Next, I search for injuries to the medial column, which includes the deep and superficial medial collateral ligaments, the posterior oblique ligament, and the capsule. Bigger injuries on the medial and lateral side can be repaired either at the same time as the ACL or in stages. Where there is significant damage to the collateral ligaments and medial or lateral column, I repair these in one procedure, then later reconstruct the ACL arthroscopically.

Conducting the Physical Exam

With the information from the MRI, I move on to the physical exam to see how the picture I have formed of the interior of the knee is affecting the patient's range of motion and pain.

The physical examination includes the Lachman test, anterior drawer test, and pivot shift for the ACL, and then an assessment of medial or lateral laxity to check for damage to the collateral ligaments.[5] After I've assessed the knee, I review my findings with the patient and the patient's support team. In the case of a youth athlete, that typically includes a parent, a coach, and sometimes a trainer. In the case of a professional athlete, an agent may also be involved.

In the case of a college athlete, I discuss such issues as whether we can "redshirt" the athlete. I discuss the status of athletic scholarships. A high school athlete may be a candidate for a scholarship, or hopeful of signing with a top college team.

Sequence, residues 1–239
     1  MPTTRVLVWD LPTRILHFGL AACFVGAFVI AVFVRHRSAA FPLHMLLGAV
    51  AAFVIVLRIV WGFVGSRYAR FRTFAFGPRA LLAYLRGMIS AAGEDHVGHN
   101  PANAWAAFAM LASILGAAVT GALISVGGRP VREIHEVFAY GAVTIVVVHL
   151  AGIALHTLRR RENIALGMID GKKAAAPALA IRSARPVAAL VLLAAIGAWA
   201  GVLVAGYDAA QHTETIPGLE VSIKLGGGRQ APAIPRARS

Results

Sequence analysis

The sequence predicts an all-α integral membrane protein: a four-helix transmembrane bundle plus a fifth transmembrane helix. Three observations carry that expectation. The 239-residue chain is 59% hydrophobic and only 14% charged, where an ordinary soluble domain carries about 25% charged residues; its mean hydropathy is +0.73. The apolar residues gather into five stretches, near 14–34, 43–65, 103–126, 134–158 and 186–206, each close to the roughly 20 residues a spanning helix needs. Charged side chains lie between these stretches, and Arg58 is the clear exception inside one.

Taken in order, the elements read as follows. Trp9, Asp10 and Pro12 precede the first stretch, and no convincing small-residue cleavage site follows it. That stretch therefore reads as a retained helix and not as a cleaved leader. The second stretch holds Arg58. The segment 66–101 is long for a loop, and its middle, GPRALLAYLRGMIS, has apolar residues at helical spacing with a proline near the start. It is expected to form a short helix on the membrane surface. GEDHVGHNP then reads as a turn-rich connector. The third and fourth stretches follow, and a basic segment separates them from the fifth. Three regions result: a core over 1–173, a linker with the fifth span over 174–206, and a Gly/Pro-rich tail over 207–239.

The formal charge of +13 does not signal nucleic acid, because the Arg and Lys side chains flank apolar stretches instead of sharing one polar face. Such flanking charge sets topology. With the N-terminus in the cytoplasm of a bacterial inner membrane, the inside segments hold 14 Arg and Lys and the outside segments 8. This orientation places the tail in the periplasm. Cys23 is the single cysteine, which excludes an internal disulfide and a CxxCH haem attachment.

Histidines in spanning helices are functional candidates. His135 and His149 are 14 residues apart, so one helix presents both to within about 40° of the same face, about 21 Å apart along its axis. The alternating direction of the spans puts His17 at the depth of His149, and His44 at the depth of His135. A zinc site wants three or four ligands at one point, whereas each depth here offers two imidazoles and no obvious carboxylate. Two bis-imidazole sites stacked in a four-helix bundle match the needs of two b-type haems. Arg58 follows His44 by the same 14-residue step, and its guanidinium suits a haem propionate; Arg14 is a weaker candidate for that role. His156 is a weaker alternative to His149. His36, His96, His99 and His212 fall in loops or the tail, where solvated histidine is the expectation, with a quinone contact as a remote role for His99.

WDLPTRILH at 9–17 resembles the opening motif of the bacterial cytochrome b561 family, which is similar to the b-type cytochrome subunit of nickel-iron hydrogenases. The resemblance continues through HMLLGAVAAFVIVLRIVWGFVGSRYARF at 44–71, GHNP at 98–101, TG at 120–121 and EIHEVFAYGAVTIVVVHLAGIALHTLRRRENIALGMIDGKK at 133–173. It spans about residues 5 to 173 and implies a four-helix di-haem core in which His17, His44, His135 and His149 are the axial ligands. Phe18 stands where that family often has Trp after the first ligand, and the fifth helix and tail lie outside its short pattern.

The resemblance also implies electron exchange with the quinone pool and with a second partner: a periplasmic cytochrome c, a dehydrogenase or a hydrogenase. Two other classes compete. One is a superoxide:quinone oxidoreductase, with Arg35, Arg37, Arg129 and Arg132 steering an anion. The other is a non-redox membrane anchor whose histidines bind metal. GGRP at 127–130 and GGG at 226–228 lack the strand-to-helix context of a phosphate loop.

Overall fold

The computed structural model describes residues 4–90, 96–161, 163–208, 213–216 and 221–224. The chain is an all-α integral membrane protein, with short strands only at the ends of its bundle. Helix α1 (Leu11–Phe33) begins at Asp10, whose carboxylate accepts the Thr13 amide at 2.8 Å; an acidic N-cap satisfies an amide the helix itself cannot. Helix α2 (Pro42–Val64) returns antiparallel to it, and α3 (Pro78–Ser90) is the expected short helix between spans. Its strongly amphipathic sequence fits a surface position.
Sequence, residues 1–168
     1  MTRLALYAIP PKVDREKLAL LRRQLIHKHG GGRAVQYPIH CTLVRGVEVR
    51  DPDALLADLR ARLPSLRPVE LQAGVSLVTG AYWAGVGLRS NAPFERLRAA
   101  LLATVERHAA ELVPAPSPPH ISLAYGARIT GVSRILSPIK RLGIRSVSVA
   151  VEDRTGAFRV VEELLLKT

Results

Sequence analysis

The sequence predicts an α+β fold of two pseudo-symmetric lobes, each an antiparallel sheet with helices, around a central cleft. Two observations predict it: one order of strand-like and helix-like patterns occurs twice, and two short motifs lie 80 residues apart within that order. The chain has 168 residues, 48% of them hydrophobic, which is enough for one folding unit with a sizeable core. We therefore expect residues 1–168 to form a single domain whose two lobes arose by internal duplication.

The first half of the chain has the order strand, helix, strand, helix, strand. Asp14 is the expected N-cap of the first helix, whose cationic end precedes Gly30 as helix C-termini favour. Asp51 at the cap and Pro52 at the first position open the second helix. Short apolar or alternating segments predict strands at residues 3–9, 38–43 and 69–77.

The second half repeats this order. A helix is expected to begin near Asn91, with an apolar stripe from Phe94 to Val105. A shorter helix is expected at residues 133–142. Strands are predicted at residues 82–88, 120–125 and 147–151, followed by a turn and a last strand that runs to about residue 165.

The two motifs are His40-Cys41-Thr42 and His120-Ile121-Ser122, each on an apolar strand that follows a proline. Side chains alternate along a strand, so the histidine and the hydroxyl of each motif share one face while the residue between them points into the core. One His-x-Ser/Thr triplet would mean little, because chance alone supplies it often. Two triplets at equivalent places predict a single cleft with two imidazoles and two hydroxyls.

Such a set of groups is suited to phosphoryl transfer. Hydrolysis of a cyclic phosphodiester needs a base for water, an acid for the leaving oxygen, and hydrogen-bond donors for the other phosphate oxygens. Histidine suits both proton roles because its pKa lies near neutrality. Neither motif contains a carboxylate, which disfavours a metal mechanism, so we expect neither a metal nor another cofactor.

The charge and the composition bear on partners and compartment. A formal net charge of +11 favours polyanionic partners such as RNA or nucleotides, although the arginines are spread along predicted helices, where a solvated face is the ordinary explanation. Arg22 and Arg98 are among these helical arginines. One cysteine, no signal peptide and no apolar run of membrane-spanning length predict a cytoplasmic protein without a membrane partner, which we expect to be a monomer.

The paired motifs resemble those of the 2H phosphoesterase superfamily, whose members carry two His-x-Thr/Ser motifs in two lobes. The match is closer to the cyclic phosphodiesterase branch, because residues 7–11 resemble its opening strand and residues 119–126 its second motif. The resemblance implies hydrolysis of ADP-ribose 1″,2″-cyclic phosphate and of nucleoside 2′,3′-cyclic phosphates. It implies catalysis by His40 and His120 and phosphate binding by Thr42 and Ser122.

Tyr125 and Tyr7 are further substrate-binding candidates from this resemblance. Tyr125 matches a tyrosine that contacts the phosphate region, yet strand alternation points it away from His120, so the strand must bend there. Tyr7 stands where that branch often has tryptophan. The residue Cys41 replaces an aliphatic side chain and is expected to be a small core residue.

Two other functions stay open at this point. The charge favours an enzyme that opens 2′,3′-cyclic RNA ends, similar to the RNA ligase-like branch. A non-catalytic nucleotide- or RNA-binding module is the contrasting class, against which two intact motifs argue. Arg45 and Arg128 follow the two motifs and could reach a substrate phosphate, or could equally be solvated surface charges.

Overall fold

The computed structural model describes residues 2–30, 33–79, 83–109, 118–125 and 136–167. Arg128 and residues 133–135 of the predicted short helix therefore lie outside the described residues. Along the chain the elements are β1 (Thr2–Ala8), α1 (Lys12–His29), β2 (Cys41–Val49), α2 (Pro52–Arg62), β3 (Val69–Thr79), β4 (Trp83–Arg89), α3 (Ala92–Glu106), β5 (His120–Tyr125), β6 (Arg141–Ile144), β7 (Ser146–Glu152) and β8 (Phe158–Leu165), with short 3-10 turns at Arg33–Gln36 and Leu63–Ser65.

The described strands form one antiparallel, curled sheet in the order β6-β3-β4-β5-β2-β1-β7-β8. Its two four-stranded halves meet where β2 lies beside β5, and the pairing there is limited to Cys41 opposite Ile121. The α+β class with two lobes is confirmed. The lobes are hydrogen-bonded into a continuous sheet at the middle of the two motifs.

Risks With ACL Reconstruction

Of course, there are risks with ACL reconstruction, as with any surgery, and not everyone with a torn ACL should have it reconstructed. A patient who is a cyclist or who practices yoga and has mild to moderate deficiency from the injury won't need reconstruction. A patient who has high instability that interferes with daily living is a candidate for reconstruction. There are some patients who can't walk to the bathroom after their ACL is torn.

An athlete who does pivoting and landing—as in football, basketball, or soccer—must have the stability to the knee to perform those activities. For these athletes, a torn ACL is like having loose bindings for a skier.

Then I get into issues of timing. Do I operate right away, or wait 3 weeks? I find that delaying is not as critical for most young athletes. But for the older athlete, it's important to let the swelling go down and let them get range of motion back.

The patient's age and athletic plans factor into the choice of graft materials, whether to use platelet-rich protein, and the approach to rehabilitation, all of which I'll discuss in my next column.


1.Gottsegen CJ, Eyer BA, White EA, Learch TJ, Forrester D. Avulsion fractures of the knee: imaging findings and clinical significance. Radiographics. 2008;28:1755-1770. Abstract

2.Claes S, Vereecke E, Maes M, Victor J, Verdonk P, Bellemans J. Anatomy of the anterolateral ligament of the knee. J Anat. 2013;223:321-328. Abstract

3.Englund M, Guermazi A, Lohmander SL. The role of the meniscus in knee osteoarthritis: a cause or consequence? Radiol Clin North Am. 2009;47:703-712. Abstract

4.Sonnery-Cottet B, Thaunat M, Freychet B, Pupim BH, Murphy CG, Claes S. Outcome of a combined anterior cruciate ligament and anterolateral ligament reconstruction technique with a minimum 2-year follow-up. Am J Sports Med. 2015;43:1598-1605. Abstract

5.Benjaminse A, Gokeler A, van der Schans CP. Clinical diagnosis of an anterior cruciate ligament rupture: a meta-analysis. J Orthop Sports Phys Ther. 2006;36:267-288. Abstract